Pat Fenlon has spent just under two years at Hibernian in the Scottish capital now and the calls for his head are more audible now than they ever have been before. But with only a year left on his current deal, does it make any logical sense for Hibs to part with their manager?
Fenlon’s time with Hibs has been far from spectacular. Two successive bottom half finishes have been balanced out by two successive Scottish cup final appearances. As impressive as it is to reach back to back finals, an aggregate score of 8-1 (one of them undoubtedly the most humiliating result in the clubs 138 year history losing 5-1 to fierce city rivals Hearts) is hardly something Fenlon can use to defend his otherwise uninspiring tenure in Leith.
Did you know? Hibs were in fact the first British team to play in Europe. No, of course you didn’t. You know them as a club from Edinburgh who play in front of reducing crowds that are incapable of holding onto a manager for more than two seasons. The challenge a club like Hibs provide is to make the club relive their heady days of European conquest, not losing 9-0 to unconvincing Swedish outfits in Europa League qualifiers (a record Scottish aggregate loss). The Hibernian fans have accepted mediocrity for too long, and Fenlon has not done enough in his two years in Edinburgh to change this.
His list of signings echo the aforementioned point with guys like Tom Soares (now with League 2 Bury), Eoin Doyle (now with League 2 Chesterfield) and the infamous “Gambian Roberto Carlos” – full back Pa Kujabi (17 appearances, 1 red card, now without a club) all in and out of he club within 12 months and deservedly receiving brutal criticism for their lack of effort and commitment on the pitch. Quite frankly, he has a dreadful record of bringing in players who couldn’t give a hoot about Hibernian’s success or lack thereof.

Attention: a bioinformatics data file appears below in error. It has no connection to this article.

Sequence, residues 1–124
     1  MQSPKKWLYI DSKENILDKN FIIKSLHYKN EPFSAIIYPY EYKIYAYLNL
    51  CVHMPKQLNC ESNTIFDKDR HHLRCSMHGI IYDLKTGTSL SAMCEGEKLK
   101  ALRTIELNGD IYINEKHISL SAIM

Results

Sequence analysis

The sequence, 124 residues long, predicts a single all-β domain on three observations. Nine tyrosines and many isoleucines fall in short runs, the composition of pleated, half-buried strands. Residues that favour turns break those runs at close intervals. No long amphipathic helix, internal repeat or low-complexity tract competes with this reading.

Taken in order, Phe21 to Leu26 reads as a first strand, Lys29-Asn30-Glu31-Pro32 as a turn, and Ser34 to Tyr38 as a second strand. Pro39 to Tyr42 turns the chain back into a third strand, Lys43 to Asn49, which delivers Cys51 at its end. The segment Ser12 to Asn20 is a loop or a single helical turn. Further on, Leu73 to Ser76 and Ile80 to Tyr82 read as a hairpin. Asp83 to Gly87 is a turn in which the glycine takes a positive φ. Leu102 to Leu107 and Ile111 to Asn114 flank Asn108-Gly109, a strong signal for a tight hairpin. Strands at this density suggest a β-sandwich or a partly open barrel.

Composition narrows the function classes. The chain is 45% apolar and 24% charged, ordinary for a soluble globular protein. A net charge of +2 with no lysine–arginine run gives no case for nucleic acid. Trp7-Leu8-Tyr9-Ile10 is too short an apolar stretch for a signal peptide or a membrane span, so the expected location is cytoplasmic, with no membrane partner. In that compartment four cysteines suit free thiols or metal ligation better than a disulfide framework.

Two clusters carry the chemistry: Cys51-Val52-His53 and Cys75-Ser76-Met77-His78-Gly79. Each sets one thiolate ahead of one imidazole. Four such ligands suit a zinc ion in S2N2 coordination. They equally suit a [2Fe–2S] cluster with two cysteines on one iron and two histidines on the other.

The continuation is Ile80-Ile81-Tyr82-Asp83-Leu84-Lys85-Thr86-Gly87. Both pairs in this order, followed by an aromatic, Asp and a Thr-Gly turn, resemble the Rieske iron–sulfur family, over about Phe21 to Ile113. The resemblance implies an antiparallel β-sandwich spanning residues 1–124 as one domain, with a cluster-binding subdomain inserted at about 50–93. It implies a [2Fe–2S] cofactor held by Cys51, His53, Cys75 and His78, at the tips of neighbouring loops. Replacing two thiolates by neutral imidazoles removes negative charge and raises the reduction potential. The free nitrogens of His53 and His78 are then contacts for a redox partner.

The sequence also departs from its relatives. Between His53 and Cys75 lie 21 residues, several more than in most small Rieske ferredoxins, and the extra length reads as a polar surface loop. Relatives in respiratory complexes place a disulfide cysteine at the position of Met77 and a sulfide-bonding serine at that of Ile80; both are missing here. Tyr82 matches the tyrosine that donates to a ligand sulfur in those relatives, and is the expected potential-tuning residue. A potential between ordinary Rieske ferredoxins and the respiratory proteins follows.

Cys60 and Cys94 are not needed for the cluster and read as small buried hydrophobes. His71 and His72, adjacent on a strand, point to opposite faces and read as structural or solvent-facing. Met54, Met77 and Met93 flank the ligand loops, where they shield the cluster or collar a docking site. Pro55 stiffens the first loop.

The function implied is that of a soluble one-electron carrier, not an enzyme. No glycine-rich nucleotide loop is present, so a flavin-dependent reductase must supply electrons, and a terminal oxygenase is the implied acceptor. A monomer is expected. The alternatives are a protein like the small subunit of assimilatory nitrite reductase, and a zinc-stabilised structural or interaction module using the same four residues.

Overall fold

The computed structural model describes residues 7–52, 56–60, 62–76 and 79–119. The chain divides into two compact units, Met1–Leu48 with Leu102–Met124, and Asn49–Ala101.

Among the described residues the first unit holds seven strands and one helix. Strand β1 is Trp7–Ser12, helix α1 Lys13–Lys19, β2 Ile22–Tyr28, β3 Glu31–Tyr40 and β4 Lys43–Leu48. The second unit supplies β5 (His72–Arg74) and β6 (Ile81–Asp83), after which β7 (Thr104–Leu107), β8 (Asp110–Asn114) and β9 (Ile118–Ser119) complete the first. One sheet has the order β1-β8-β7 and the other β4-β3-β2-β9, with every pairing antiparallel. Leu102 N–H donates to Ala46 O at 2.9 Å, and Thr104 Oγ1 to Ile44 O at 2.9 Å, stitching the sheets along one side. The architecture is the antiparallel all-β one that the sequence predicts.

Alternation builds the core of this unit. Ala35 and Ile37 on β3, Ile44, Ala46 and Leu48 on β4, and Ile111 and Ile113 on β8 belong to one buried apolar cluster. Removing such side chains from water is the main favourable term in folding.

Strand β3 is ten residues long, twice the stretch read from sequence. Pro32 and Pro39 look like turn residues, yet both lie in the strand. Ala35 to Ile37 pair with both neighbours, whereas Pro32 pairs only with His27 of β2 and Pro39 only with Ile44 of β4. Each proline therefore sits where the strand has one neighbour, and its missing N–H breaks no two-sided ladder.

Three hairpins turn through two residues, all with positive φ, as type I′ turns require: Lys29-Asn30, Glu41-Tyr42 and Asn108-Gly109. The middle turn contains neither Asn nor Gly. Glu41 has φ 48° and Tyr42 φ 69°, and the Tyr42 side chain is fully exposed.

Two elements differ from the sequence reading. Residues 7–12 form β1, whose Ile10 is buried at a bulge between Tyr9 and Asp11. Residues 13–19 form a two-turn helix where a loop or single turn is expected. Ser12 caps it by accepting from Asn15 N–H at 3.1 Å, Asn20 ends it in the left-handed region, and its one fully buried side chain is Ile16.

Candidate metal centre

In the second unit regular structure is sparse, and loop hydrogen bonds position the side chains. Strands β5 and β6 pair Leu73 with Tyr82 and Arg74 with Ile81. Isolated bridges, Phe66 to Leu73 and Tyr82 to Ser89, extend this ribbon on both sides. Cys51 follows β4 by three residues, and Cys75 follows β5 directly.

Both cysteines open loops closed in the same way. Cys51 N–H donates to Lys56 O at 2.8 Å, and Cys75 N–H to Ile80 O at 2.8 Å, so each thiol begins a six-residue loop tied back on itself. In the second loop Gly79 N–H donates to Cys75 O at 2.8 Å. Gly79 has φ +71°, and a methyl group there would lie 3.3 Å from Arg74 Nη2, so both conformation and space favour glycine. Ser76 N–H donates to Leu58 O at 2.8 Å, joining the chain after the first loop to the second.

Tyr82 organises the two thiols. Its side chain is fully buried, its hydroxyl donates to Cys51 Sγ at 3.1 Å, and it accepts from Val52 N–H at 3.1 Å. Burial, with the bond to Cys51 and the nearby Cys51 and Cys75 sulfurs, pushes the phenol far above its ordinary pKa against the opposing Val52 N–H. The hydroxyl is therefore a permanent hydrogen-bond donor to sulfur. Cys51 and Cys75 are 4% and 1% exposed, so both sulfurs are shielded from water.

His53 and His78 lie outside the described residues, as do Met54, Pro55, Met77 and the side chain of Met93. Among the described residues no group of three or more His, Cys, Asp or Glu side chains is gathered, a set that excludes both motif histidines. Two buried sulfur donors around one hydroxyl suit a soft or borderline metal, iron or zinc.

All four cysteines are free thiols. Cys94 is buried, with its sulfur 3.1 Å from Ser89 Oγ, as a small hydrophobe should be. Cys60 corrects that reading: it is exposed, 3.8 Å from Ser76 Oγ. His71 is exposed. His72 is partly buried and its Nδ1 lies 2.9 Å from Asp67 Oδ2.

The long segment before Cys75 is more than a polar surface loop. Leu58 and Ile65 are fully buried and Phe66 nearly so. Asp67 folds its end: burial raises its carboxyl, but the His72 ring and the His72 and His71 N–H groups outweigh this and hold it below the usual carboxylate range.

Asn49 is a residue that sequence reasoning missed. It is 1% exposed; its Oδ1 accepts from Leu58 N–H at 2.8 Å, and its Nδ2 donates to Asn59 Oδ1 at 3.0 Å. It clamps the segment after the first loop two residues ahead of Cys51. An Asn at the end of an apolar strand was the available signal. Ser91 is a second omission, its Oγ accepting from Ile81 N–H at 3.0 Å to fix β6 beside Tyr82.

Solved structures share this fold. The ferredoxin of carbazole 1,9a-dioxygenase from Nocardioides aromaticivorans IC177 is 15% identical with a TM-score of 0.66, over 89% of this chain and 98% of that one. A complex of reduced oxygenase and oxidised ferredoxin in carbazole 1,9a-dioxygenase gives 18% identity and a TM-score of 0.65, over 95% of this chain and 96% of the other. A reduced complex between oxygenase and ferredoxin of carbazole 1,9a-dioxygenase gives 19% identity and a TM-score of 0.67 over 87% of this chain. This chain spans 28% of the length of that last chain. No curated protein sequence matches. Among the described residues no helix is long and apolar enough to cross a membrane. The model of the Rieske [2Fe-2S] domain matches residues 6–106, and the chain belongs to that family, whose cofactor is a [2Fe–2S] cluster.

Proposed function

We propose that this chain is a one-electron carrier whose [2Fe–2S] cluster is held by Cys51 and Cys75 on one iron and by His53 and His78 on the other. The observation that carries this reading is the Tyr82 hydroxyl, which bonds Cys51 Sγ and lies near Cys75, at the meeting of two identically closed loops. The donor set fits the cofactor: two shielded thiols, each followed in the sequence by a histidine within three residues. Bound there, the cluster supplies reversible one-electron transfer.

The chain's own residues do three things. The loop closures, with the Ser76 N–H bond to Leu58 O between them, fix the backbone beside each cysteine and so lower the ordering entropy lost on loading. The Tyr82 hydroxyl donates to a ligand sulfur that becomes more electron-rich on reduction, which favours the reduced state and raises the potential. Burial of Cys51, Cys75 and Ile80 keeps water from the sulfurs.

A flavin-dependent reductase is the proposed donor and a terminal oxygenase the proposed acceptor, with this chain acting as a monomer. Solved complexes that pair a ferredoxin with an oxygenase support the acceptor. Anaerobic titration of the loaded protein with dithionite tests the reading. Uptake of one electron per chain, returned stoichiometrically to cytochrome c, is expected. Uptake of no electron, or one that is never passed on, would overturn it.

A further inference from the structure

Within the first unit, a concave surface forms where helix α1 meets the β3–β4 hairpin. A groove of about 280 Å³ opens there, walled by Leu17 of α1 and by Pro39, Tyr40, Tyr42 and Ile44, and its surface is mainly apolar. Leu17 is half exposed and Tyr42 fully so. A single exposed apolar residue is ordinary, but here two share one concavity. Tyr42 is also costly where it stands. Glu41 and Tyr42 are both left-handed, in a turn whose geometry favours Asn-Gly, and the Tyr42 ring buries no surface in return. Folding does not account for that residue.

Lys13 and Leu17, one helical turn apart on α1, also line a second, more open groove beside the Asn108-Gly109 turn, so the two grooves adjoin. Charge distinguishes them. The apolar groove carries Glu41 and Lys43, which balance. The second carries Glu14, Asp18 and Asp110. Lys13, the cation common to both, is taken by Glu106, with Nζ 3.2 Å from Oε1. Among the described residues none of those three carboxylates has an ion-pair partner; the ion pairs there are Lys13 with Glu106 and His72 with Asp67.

However, Hibernian’s board is somewhat nationally notorious for having the tightest belt in the country. The managers are generally forced so to work with Bosmans, loan deals and their once lauded, now slightly less productive youth academy. A priceless example of this was the reason for John Collins resignation in 2007; of the £8.4m raised by the sales of youth starlets Scott Brown, Kevin Thomson and Steven Whittaker, only £350k was reinvested back into the squad. Five years down the line, the board are still having the same problems parting with their money, and there is valid case that Fenlon has not had it easy to build a squad capable of challenging for the top half of the league. To get 28 goals from on loan Wolves striker Leigh Griffiths and solid league and cup performances from teenage prodigies Ross Caldwell, Danny Handling and Alex Harris on a shoestring budget shows that Fenlon’s time at Easter Road has not been a complete failure.
It comes down to the aforementioned stinginess of the Easter Road boardroom. As rivals Hearts thrash about in the public eye like a fish out of water amidst financial meltdown, the effects of throwing away money needlessly are there for Hibs and other SPFL clubs to see, for example throwing away money on compensation deals by sacking managers with a year left on their deal!
The momentous and embarrassing results have clouded the occasional good times of Fenlon’s reign, but provided Hibs don’t let themselves spend too long in the lower reaches of the Scottish Premiership their fans needn’t worry.
Accepting mediocrity for one more season will be a reasonable sacrifice if it means Fenlon will leave for free, allowing someone who can take the club forward to come in and leaving money to ideally be reinvested in back into the squad.